For Immediate Release
AUGUSTA - Governor Paul LePage has signed into law a bill that will provide significant economic support for Maine students who graduate with degrees in so-called STEM subjects - science, technology, engineering and mathematics.
The bill, LD 835, strengthens an existing program, Opportunity Maine. It provides a refundable tax credit of up to $40,000 for students who graduate from a Maine community college or university in one of those subjects and stay in Maine to work.
The traditional Opportunity Maine program, established in 2008, provides a tax credit for all graduates of Maine colleges who are employed in the state. A refundable credit enhances that benefit, enabling a graduate to receive a refund from the state if the credit claimed exceeds the amount owed in taxes. In both cases, an individual can claim the tax credit only with respect to loans that are part of a financial aid package.
"We hope to encourage students to major in STEM areas by extending some economic assistance after graduation to help address Maine's skills gap," said State Rep. Dennis Keschl (R-Belgrade). "Students graduate from college these days with enormous debt and then have trouble finding jobs. As we work to encourage businesses to move to Maine, it's critical that we have a skilled workforce. This adds an incentive for our well-educated young people to stay in Maine."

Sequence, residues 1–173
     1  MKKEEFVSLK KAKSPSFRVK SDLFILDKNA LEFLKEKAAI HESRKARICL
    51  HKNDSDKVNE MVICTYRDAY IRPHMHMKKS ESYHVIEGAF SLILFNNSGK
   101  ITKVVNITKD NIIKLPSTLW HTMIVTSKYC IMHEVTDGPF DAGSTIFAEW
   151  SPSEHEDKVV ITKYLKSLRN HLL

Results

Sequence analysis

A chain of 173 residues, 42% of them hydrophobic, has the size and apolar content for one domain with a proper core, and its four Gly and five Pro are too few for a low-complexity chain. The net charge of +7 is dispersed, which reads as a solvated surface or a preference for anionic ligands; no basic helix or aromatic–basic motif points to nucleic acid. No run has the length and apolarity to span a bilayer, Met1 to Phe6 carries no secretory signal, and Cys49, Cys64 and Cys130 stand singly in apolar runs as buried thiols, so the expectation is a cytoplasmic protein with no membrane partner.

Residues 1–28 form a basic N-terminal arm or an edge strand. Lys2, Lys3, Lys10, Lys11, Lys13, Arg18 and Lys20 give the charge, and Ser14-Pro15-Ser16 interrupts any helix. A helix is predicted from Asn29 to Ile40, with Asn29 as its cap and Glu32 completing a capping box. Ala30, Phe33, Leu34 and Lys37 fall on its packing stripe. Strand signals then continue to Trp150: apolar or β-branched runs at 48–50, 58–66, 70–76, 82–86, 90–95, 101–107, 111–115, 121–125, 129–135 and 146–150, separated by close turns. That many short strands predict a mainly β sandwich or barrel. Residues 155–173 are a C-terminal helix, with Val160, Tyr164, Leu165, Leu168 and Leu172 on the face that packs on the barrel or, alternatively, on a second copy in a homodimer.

It was an amendment by Rep. Keschl that added the provisions for STEM graduates. Under the original bill, sponsored by State Rep. Gary Knight (R-Livermore Falls), all Mainers qualifying for the program, regardless of their field of study, would have been eligible for a refundable tax credit. That option was judged too costly. The Legislature did tack on another amendment, by State Rep. Doug Damon (R-Bangor), which expands the Opportunity Maine program to Maine residents serving in the military outside the state who otherwise meet all the requirements.
The new statute also expands Opportunity Maine benefits to students who transfer from out-of-state schools to Maine community colleges, colleges or universities, provided they have not accumulated more than 30 credit hours at a non-Maine school.
Moreover, the new law allows an employer to claim the credit if a qualified employee meets all the eligibility criteria, except that his or her degree was awarded by a school outside of Maine. "This provision will benefit both employer and employee, because the employer would be paying off the student loan to qualify for the credit," said Rep. Keschl.
LD 835 passed the Legislature in March with overwhelming bipartisan support. Due to the cost involved, estimated to be $715,000 in fiscal year 2014, it was placed on the Special Appropriations Table until passage of the latest supplemental budget. It came off the table and was finally approved on May 16. ###
Maine House Republicans
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